Other tests to help diagnose heart failure or its underlying causes include:

Treating heart failure depends on the severity of your condition and the type of heart failure you have.

Early treatment can improve symptoms fairly quickly. However, you should still get regular testing and follow up with a healthcare professional at least every 6 months.

The main goal of treatment is to increase your life span, prevent complications, and improve your quality of life.


Medications may treat early stages of heart failure. They can help relieve your symptoms and prevent your condition from worsening.

Certain medications are prescribed to:

  • improve your heart’s ability to pump blood
  • reduce blood clots
  • reduce your heart rate, when necessary
  • remove excess sodium and replenish potassium levels
  • reduce cholesterol levels
  • reduce adverse hormones and reactions that occur in your body that can make the heart weaker

These medications can include:

  • angiotensin converting enzyme (ACE) inhibitors
  • angiotensin II receptor blockers (ARBs)
  • angiotensin receptor-neprilysin inhibitors (ARNIs)
  • beta-blockers
  • mineralocorticoid receptor antagonists
  • sodium-glucose cotransporter-2 (SGLT2) inhibitors
  • nitrates
  • hydralazine
  • ivabradine
  • Verquvo (vericiguat)
  • cholesterol-lowering medications
  • blood thinners

Speak with a doctor before taking new medications. People with heart failure should avoid some medications, such as nonsteroidal anti-inflammatory drugs (NSAIDs) like naproxen (Aleve, Naprosyn) and ibuprofen (Advil, Motrin). These can worsen fluid retention in heart failure.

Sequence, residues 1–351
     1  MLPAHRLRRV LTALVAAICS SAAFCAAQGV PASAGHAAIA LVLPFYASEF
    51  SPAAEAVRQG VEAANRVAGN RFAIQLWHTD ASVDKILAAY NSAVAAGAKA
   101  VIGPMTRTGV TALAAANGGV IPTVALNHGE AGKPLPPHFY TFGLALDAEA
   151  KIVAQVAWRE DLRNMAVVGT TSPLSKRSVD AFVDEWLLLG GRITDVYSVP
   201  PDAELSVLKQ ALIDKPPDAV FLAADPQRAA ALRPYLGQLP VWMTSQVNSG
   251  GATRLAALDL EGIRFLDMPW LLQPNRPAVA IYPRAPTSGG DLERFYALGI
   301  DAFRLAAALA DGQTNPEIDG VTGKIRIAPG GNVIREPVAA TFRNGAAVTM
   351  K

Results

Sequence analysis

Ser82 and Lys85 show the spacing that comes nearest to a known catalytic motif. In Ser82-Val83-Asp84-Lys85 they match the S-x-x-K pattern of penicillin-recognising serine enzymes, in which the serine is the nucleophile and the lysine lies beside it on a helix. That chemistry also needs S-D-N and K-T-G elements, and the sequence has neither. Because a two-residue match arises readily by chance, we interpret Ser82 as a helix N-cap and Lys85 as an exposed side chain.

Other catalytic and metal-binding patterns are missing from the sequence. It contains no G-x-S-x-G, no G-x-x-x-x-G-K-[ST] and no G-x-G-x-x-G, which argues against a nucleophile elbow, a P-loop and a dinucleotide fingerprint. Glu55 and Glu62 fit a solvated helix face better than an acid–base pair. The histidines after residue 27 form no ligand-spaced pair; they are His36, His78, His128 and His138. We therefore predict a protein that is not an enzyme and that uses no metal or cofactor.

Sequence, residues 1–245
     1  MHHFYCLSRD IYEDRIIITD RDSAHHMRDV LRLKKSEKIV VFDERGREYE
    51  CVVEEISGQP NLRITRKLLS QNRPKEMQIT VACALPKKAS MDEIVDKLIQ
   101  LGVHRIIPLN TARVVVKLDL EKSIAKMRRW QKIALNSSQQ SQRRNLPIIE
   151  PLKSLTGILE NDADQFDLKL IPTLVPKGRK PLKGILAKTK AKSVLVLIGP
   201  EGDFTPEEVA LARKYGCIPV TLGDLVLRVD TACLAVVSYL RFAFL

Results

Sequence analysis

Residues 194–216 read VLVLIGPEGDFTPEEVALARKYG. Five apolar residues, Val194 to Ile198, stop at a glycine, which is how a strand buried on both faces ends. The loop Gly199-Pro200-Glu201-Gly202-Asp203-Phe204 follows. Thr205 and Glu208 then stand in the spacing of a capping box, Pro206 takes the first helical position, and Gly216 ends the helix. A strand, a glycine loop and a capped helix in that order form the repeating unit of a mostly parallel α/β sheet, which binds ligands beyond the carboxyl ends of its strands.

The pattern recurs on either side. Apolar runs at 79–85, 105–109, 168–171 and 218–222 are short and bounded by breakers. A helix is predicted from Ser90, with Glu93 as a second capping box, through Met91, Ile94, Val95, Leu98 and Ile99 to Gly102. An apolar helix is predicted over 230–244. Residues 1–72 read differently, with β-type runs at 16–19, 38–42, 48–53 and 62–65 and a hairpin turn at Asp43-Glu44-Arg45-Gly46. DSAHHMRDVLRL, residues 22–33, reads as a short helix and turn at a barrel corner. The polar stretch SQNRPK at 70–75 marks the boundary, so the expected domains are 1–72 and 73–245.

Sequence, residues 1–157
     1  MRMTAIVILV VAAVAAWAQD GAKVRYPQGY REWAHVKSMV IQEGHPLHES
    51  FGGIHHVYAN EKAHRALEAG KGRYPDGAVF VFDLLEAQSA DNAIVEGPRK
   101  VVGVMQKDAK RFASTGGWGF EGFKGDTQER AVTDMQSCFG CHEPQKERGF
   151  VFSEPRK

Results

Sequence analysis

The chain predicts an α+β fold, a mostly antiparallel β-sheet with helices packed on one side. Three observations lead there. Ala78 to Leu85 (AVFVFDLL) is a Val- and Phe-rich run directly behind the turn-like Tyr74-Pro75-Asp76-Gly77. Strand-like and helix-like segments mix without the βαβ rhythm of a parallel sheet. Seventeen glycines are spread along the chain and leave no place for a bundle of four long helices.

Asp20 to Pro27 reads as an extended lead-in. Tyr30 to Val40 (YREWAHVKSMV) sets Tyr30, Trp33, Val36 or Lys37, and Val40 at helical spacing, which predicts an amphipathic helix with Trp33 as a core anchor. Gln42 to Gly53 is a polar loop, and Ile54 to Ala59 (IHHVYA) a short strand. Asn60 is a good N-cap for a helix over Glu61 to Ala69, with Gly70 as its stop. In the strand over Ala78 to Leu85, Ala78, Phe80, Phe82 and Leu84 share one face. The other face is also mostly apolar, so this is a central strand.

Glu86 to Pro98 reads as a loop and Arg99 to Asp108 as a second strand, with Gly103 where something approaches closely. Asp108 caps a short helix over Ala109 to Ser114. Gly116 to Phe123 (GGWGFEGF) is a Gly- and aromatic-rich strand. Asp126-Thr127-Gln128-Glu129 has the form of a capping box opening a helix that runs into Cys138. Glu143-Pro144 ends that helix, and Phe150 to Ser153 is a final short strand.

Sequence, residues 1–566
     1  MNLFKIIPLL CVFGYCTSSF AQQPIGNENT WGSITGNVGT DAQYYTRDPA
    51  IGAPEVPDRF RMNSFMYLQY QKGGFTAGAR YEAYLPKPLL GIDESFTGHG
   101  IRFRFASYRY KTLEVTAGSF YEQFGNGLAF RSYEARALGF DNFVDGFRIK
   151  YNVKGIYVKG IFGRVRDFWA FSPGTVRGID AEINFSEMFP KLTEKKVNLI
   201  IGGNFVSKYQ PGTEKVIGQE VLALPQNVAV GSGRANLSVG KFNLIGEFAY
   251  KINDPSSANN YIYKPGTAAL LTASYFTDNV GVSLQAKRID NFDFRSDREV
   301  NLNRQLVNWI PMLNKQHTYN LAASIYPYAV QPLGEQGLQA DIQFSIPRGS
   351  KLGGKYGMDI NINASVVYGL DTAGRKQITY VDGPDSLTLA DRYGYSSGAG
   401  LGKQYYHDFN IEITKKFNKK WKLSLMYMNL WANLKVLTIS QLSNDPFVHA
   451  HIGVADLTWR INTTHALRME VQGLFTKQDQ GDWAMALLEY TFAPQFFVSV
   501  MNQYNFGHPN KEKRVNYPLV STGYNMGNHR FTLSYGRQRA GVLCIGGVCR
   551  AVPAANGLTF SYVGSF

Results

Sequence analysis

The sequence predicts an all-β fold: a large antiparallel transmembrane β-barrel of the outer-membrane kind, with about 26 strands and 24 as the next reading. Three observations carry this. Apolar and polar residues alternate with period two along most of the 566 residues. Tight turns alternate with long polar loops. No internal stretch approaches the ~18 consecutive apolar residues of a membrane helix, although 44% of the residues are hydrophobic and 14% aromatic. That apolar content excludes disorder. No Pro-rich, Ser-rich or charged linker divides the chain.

You may require surgery if you have heart failure. Options include:

  • Bypass surgery: A surgeon takes a healthy piece of an artery or vein and attaches it to the blocked coronary artery. This allows the blood to bypass the blocked, damaged artery and flow through the new one.
  • Percutaneous coronary intervention (PCI): A catheter with a small balloon attached to it is inserted into the blocked or narrowed artery. When it reaches the damaged artery, a surgeon inflates the balloon to open the artery.
  • Transplant surgery: Heart transplants are used in the final stages of heart failure when all other treatments have not worked. A surgeon removes all or part of your heart and replaces it with a heart from a donor.


You may require surgery to implant a device to help monitor your heart rhythm.


These small devices are placed into the chest to help control heart rhythms. They may slow your heart rate when the heart is beating too quickly, or increase your heart rate if it’s beating too slowly.

Biventricular pacemakers are sometimes used for cardiac resynchronization therapy. These may help your heart chambers pump in sync.

Left ventricular assist device (LVAD)

An LVAD helps your left ventricle pump blood out to the rest of your body.

Implantable cardioverter defibrillator (ICD)